1. Thank you! I bet you make good chicken noodle soup. The kids have kept me busy, plus I’m teaching a class I’ve never taught before. Fortunately, my kids are pleasant and funny. I don’t have to deal with any attitude. But I’ve felt disconnected this year– it’s been hard to write about my students and my job, and this recent illness just makes me want to hunker down. But if I am going to have an illness, I am fortunate enough to have good kids, excellent TAs who keep me organized (and are voluntarily following along with the unit on Pride and Prejudice and share their thoughts with me), and supportive staff members and admin. My husband has been amazing.

      How are you and your family? Is your son doing well in school or has senioritis set in? Are you all geared up for Halloween?

  2. I’m sorry you’re feeling so rotten. Make the doctors rule everything out–especially the bad scary stuff. But it does sound like some kind of virus. 7 Up is your best friend right now, although I find that apple juice is okay, too.

    1. Thank you! This has really been the pits. I’ve been writing down everything I eat and how I feel, so when I go in for my next appt. I can hopefully get some answers. Today was a stronger day, and I’m hoping tomorrow is stronger.

    1. Feeling much better today, thank you! It was the first time in over two weeks that I actually felt like myself. I still have some joint pain, but at this rate I should be 100% in a couple of days. I don’t like to post negative things, but it really felt like if I wrote about it, it would be a way to get it out of me. Thank you for your good wishes.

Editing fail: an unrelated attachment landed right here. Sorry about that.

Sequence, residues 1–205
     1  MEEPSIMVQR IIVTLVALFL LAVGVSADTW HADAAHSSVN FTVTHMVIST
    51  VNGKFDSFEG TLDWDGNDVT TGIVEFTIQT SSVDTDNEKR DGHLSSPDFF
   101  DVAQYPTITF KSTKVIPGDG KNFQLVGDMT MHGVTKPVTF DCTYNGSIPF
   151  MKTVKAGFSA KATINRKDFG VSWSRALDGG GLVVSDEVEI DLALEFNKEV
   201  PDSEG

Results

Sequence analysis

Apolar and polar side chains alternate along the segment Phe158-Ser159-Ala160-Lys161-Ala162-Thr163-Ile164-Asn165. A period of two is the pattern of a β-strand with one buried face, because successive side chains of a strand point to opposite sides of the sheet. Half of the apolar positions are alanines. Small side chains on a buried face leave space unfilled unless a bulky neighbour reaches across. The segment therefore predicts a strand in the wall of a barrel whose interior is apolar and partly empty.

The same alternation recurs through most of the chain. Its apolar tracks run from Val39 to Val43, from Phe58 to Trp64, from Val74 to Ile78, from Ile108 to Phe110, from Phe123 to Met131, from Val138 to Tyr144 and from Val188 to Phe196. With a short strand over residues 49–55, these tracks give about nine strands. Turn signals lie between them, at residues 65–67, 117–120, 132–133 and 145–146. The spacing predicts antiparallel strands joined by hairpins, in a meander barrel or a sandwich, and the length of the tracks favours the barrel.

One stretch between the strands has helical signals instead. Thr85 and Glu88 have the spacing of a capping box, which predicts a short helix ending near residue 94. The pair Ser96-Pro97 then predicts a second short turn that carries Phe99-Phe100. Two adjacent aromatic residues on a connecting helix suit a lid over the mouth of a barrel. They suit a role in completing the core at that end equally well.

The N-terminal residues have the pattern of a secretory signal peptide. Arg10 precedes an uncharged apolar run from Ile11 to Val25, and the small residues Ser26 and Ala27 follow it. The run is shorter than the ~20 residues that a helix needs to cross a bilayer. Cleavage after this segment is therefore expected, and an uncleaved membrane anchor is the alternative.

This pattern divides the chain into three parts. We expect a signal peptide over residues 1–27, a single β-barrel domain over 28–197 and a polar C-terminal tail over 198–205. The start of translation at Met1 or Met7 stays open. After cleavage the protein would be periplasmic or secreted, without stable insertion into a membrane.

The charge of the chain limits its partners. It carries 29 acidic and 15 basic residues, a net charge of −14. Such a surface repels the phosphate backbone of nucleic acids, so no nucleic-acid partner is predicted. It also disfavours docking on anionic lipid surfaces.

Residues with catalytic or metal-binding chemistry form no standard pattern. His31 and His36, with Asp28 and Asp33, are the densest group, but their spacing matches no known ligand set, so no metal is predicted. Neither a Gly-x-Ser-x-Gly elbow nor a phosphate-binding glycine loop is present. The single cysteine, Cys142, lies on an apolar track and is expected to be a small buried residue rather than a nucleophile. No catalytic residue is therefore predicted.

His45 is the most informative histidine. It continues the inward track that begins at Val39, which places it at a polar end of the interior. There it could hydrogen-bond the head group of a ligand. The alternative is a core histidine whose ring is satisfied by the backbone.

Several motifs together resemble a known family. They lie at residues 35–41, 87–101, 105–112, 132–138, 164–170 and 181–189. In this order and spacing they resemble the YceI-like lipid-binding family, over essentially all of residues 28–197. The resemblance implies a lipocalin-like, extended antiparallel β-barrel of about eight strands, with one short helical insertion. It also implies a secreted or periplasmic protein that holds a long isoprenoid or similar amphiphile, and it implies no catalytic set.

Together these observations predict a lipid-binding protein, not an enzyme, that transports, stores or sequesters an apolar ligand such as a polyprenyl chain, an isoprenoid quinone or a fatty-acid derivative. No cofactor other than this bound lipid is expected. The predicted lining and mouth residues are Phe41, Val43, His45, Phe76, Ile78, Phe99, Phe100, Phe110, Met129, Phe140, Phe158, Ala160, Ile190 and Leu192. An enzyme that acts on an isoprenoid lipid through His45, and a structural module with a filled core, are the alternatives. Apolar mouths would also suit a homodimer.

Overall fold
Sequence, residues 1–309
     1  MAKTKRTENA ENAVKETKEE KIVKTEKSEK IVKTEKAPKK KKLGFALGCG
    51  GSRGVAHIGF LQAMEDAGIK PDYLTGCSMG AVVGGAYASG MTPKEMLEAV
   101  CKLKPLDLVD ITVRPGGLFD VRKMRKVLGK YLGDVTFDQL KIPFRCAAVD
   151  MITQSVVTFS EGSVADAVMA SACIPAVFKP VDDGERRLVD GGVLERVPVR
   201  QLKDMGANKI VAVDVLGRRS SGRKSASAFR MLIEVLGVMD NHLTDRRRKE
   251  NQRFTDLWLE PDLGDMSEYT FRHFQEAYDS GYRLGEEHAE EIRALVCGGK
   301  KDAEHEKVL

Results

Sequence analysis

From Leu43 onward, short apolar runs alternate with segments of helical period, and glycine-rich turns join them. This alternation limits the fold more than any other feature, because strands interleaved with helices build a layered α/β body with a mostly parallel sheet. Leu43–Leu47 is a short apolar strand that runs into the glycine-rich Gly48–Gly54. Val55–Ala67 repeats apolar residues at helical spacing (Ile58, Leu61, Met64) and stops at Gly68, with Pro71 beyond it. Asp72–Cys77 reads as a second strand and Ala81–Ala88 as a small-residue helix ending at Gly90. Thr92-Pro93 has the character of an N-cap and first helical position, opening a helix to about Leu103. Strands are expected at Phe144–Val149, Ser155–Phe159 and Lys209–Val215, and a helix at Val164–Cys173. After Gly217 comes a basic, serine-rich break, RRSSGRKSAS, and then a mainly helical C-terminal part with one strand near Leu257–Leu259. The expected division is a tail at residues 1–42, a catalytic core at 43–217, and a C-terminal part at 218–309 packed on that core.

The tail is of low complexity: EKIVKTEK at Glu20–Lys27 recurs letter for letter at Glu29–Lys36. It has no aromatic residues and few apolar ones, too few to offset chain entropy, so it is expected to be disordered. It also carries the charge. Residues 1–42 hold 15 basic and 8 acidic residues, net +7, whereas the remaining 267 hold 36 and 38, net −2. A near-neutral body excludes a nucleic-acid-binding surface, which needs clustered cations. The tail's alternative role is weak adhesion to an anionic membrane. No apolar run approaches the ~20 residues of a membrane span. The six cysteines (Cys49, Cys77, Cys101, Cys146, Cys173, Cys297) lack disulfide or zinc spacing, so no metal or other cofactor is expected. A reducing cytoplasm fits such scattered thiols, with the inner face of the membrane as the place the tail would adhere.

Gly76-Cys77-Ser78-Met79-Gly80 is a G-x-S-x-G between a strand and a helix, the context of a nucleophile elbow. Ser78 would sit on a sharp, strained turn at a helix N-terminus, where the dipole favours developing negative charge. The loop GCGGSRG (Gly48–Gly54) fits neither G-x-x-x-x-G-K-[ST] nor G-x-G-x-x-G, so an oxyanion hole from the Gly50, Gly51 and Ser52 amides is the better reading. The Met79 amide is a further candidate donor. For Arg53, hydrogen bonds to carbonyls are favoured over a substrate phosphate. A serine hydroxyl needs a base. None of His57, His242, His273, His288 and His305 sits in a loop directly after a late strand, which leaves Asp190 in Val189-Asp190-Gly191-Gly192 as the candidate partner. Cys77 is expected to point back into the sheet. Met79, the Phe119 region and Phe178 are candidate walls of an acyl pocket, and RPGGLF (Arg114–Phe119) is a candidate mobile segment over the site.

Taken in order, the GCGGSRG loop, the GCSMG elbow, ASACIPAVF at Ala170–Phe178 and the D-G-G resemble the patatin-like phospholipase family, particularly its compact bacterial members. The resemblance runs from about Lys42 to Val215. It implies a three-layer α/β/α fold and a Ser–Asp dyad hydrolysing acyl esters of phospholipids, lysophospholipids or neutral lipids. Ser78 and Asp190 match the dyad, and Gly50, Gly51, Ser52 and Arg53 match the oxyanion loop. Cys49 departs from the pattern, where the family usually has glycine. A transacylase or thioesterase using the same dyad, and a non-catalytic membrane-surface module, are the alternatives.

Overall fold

3. Based on my own experience of a few years ago, I would suggest you ask your doctor about Fifth Disease. In kids, it can be as simple as a runny nose and red cheeks. In adults, it can make you feel like you’re dying. One of the common symptoms is joint pain, that usually starts a few days after the other symptoms. And that can go on for a while, but it does resolve eventually. When I had it, it was like a bad case of arthritis for a couple of weeks, and then a milder case of arthritis for a couple of months. And then it was gone. I wish you well on finding an answer and recovering your health.

    1. Thank you for the tip. I have another appointment on Friday and have been writing everything I feel down. Last week it did feel like I was dying– like my body went into the turbo-aging zone. Today is better. Hopefully, I will get an answer from my doctor. Thank you for your kind thoughts.

    1. Your first comment ended up in my spam box… I don’t know why. That’s so tough to be sick and away from home– what a lonely feeling. I hope you feel better soon. I’m doing better, and my doctor and I are trying some things out. We’ll see how it goes.

  4. How are u now dear Amy??? Your entire post had me worried! You had quite a bunch of unrelated symptoms…..initially it did seem like food-poisoning. But joint-pain is unrelated. Didn’t your doctor come to a final diagnosis after examining you? Perhaps more tests may be needed. I really hope it blows off and you feel healthy and hearty soon.
    Please do write how you are doing and get well soon.

      1. I am so glad to hear that you are better and ofcourse i pray that you stay well my friend. Take care! 🙂

  5. Oh my gosh! I’m so sorry!!! Hearing describe a visit to the ER where you were given nausea meds reminds me of my friends recent hospital stay. It was horrible watching her go through that and I’m picturing you in the same state right now. How scary not knowing what’s wrong! That’s probably the worst part. I hope things are better now. Ugh, this is awful. I’m so so sorry.

    1. Thanks. I am better now, but it was really quite something and definitely no fun. It was like I had a sneak peek of what it was like to be really old. I was really fortunate to have a lot of caring people around who made my life easier.